The Israeli award-winning film Bethlehem has much in common with the Palestinian Oscar- nominated film Omar.
Both tell the story of a Palestinian informant working for Israel’s secret service. However, while Omar’s story was framed through the lens of its charismatic Arab protagonist, Bethlehem balances its time and perspective between both sides of the conflict.
Omar, nominated in the best foreign film category at this year’s Academy Awards (and now playing in select Canadian cities), is more riveting as a thriller than its Israel-made counterpart.
However, Bethlehem – opening on April 4 – is a more nuanced look at the rifts and relationships between Israelis and Palestinians.
In Bethlehem, which won six Ophir Awards (Israel’s Oscars), the Palestinian informant is a gangly but gutsy teen, Sanfur (Shadi Mar’i, who looks like the Middle Eastern equivalent of Michael Cera). His brother, Ibrahim (Hisham Suliman), is a wanted terrorist that Israeli intelligence agent Razi (Tsahi Halevi) has been trying to capture for a year.
When Ibrahim takes responsibility for a suicide bombing in Jerusalem, Razi tries to get Sanfur to give up his brother’s whereabouts. Razi and Sanfur have a close relationship, although Sanfur is not comfortable betraying his brother.
In the midst of this confusion, Sanfur feels invincible. In Bethlehem’s opening scene, he straps on a bulletproof vest and asks one of his friends to shoot him. Always in Ibrahim’s shadow, Sanfur wants to prove that he has power. When he tries out the vest in a later scene and shoots himself in the stomach, he ends up with a bloody wound, a potent metaphor for the collateral damage that inevitably arises despite the hope of security.
The plot thickens when the secret service gets word that Sanfur may be transferring money to his brother, who has links to both Hamas and the al-Aqsa Brigade. Razi’s boss, Levy (Yossi Eini), wants his agent to break ties with Sanfur if the teen does not provide a path to capture Ibrahim. (Levy refers to Sanfur as Esau, an obvious allegory).
Bethlehem is in Hebrew and Arabic, with English subtitles. It is the film debut of Israeli director Yuval Adler, an Israeli Jew who worked in military intelligence. Adler co-wrote the script with Ali Wakad, a Palestinian journalist. Their knowledge of Israeli politics adds authenticity to the drama. Their collaboration is likely why Bethlehem is a more balanced, intricate view of Israeli-Palestinian relations than Omar.
Unlike Omar, which portrayed neither side in a positive light, yet invested the audience in the plight of a Palestinian terrorist, Bethlehem shows the humanity and menace on both sides. As balanced as the drama is, though, Bethlehem is more sympathetic to the Israelis.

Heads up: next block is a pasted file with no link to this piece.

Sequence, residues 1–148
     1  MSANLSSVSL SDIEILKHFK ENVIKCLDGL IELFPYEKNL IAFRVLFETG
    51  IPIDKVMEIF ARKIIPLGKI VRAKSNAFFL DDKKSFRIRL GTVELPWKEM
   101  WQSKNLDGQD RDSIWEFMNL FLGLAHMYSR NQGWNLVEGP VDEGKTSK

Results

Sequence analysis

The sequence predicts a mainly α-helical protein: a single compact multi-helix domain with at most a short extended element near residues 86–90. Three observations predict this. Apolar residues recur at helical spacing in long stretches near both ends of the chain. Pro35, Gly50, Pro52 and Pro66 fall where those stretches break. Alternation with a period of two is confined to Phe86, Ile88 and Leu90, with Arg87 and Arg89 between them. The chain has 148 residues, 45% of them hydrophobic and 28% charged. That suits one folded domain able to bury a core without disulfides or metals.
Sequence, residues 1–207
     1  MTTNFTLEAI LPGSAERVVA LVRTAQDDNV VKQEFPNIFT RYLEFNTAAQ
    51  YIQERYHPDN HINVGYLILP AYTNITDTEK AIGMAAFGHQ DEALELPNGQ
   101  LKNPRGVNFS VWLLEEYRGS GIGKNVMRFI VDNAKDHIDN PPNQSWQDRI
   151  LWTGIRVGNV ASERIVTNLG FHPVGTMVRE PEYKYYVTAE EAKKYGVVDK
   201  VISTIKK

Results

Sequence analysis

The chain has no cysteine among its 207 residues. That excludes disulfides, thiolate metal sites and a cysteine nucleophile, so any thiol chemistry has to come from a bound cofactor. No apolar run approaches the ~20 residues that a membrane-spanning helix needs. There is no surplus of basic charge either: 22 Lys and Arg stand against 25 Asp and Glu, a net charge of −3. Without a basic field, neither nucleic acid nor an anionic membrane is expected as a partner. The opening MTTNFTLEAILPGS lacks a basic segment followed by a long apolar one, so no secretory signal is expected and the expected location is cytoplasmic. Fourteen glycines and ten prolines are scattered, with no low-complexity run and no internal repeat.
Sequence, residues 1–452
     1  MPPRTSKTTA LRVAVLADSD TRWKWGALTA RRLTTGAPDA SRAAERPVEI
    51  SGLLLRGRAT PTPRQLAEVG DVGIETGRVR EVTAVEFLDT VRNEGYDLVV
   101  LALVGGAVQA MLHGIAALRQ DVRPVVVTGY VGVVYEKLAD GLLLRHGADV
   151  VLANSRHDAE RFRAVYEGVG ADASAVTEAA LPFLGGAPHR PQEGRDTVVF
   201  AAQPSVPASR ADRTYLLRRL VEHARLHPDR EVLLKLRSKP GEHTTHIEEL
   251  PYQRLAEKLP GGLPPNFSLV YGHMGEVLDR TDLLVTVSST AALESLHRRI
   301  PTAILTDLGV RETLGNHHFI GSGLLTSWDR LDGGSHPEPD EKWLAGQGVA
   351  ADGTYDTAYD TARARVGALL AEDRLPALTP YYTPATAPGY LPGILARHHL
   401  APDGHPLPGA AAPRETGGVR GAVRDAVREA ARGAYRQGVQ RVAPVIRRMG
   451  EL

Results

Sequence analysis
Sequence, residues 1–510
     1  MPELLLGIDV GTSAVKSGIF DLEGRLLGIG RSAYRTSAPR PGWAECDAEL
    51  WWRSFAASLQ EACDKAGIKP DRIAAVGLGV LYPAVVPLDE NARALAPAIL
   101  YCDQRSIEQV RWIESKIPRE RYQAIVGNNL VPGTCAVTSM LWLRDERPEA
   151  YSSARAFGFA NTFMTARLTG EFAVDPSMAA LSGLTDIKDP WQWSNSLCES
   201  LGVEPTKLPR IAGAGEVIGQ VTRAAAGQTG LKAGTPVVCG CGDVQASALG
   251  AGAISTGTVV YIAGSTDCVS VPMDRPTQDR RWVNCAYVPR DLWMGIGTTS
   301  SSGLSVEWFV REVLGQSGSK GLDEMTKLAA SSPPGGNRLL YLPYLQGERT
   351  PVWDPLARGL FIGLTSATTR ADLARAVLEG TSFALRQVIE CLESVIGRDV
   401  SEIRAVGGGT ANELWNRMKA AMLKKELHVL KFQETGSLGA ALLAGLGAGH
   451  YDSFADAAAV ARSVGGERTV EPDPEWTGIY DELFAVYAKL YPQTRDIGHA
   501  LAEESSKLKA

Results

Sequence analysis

Most of the actors are newcomers, including Halevi and Mar’i. (Halevi is a former dancer and singer, although you would never guess it from his deeply arresting performance.) Both give tremendous turns as men trying to figure out their next move in a geopolitical realm where it is hard to feel protective or heroic. Mar’i and Halevi depict both the humanity and difficulty of everyday life on their anguished faces, and their scenes together are very touching.
If the film falters in any way, it is in illuminating the bond between the unstable Sanfur, who keeps moving between his allegiance to the Israelis and his Palestinian brethren, and Razi, also torn between his friendship for the teen and his patriotic duties. A few more scenes to explain the roots of their alliance would have made the climactic scene, when the two men confront each other, more suspenseful and significant.
Adler uses the camera less as a way to angle certain Israeli or Palestinian characters as heroes or villains but shoots much of the film head on, making it an objective observer that does not side with anyone. (Yaron Scharf, who also photographed the Oscar-nominated Footnote, is the cinematographer.)
Bethlehem portrays the Palestinians with depth, but also bitter honesty. After the Israelis bring down a terrorist, we see groups of Palestinians mourning and crying, as cameramen shoot their woe and misery. As soon as a terrorist group comes into the building to speak more menacingly about retribution for the dead man’s death, they order the videographers to turn the cameras off.
The film also explores the rifts between Palestinians in terms of class, racial descent and political division: There is even a schism, as in reality, with the goals of different terrorist groups. Few films from the region have explored these tensions as acutely. Some of the musical choices are a bit overwrought, with dark, trembling music playing over some of the Palestinian violence.
Bleak but boldly acted, Bethlehem is one of the best explorations of the Israeli-Palestinian conflict in modern cinema. Although not quite as taut a thriller as Omar, it is a more balanced examination of the ties that bind and break between the two populations.